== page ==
Dave Shively: Blurred lines
December 10, 2006
Steamboat Springs — If a skier drops in the woods, will anyone hear him?
More importantly, will anyone believe the feat if it’s not captured on camera? Recorded footage has become a part of daily life for anyone seeking to capture an experience and prove it to others.
And that’s just fine for posting a trick caught on your camera phone onto your blog.
But it’s a crime to film within the boundaries of federal wilderness areas, if you plan to use your film for profit.
Aspen’s Chris Davenport is nearing the one-year mark in his attempt to ski all of Colorado’s 14,000-foot peaks in a single calendar year. The original goal was to ski all 54 during the 2006 ski season, but weather conditions forced him to extend the timeline.
Davenport is not the first to attempt the feat, nor the first to film it, but he has hit stumbling blocks in the commercial release of the footage.
Recommended Stories For You
While keeping one eye on the weather, Davenport must focus his other eye on his legal debate with the U.S. Forest Service, which has denied him a commercial filming permit to include segment captured in designated wilderness areas. Roughly two-thirds of Colorado’s fourteeners fall in that category and include the best ski lines worth watching.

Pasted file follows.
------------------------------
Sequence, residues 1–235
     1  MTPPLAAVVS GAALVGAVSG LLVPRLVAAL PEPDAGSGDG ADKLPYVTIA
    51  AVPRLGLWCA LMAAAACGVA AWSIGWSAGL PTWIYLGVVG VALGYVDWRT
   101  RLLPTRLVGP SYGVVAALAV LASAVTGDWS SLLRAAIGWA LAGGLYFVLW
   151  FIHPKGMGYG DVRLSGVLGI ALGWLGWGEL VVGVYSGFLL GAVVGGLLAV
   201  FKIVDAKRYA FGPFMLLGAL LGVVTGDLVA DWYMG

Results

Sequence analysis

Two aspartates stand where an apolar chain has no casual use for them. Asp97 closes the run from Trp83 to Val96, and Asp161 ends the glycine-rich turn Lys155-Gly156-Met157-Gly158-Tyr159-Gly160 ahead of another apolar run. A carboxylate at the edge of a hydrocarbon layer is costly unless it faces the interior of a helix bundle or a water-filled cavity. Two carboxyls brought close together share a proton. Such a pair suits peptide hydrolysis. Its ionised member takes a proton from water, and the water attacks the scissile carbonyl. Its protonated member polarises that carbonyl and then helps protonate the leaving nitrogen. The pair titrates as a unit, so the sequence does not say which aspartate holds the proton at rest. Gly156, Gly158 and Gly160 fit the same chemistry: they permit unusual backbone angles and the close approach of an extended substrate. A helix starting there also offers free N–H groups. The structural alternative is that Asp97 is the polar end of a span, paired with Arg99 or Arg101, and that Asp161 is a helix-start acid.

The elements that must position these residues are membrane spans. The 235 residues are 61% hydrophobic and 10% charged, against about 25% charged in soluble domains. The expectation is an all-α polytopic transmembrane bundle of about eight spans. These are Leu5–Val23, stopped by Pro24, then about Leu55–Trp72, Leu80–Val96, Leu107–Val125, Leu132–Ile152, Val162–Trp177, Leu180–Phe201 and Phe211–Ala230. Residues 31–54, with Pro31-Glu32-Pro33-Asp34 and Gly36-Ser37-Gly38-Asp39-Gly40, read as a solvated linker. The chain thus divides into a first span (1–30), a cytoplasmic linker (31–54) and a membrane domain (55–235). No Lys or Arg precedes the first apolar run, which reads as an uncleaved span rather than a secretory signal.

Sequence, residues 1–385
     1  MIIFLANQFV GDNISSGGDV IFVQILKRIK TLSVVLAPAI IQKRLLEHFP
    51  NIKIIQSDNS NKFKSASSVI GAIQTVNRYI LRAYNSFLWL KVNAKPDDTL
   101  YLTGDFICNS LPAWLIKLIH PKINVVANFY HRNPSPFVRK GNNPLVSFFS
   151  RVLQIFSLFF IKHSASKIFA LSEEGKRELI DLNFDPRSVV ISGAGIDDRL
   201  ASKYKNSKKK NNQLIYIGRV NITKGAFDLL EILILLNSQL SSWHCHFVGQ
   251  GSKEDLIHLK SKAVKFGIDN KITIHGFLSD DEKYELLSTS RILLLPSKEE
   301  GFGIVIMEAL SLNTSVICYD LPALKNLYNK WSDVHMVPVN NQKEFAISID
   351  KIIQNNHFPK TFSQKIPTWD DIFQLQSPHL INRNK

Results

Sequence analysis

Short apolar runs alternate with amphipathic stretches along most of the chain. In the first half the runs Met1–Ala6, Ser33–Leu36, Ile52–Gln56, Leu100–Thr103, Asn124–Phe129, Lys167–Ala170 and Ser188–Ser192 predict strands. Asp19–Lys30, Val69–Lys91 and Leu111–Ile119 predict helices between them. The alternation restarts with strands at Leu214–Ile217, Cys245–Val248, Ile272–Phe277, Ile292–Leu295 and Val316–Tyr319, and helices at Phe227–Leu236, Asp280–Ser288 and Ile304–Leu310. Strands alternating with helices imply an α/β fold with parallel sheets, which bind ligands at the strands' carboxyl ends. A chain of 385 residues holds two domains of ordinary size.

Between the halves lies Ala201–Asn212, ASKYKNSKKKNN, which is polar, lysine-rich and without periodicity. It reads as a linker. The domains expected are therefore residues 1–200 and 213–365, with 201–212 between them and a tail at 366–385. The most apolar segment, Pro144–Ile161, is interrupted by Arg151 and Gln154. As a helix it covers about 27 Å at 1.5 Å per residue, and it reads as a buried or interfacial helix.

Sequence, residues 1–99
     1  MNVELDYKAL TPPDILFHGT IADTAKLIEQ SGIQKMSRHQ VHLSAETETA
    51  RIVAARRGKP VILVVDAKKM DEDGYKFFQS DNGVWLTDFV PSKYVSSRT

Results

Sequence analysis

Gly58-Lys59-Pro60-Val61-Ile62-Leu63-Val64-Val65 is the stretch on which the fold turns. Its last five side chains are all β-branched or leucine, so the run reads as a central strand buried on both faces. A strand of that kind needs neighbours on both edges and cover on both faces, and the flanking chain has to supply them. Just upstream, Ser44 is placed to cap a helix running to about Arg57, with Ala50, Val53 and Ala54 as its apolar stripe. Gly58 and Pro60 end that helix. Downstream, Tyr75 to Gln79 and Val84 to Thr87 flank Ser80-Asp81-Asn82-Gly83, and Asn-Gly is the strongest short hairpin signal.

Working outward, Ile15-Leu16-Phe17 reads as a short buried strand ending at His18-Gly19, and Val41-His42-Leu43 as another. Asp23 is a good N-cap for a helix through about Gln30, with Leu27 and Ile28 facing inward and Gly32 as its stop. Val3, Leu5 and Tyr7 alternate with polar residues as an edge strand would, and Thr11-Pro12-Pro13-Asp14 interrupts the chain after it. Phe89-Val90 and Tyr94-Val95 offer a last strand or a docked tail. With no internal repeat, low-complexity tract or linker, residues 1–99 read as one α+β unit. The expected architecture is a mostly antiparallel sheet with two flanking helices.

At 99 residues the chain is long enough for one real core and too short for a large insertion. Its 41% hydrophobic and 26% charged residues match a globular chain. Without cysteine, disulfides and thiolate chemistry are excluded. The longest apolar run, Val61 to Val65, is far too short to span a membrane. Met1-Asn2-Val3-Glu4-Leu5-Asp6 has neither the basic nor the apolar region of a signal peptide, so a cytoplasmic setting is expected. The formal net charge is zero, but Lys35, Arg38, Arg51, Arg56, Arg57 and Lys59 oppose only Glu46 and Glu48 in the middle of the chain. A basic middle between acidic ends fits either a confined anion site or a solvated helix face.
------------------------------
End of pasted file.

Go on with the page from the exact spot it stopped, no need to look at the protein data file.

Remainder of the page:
Commercial film permitting involves a set of bureaucratic hoops to jump through that must be approved directly by a forest supervisor. Commercial still photography does not require clearing such hurdles.
I asked Lou Dawson what he thought about Davenport’s struggle. Dawson was the first, and many argue only, to ski all 54 peaks, from 1978 until 1991.
As the author of numerous guidebooks and the backcountry resource Website http://www.wildsnow.com, the 54-year-old ski legend believes technology is blurring the lines of the federal regulations.
Dawson understands the importance of regulating commercial activities in a public resource like our wilderness, but he said the rules need to be evaluated.
“There’s a lot of people that are physically unable to access the legal wilderness. They may not have the resources, so they enjoy it through the artwork and cultural side,” Dawson said, “You have to think that you’re depriving some people.”
What convinced me was Dawson joking that his photography gear now weighs more than his digital video camera, meaning more damage to a fragile tundra environment if dropped.
I’m not advocating sending Hollywood film crews into the wilderness. The permitting regulations should be revised to assess the ecological impact of individual film crews – especially in the winter. T.J. Rapoport, executive director of the Colorado Fourteeners Initiative (one of the nonprofits Davenport was going to donate film proceeds to), pointed out that from a Leave No Trace perspective, there are few, if any, impacts of winter use on the fourteeners compared to the summer.
What damage can one videographer and one skier do? People should have a right to see the footage, even if there’s a price tag attached.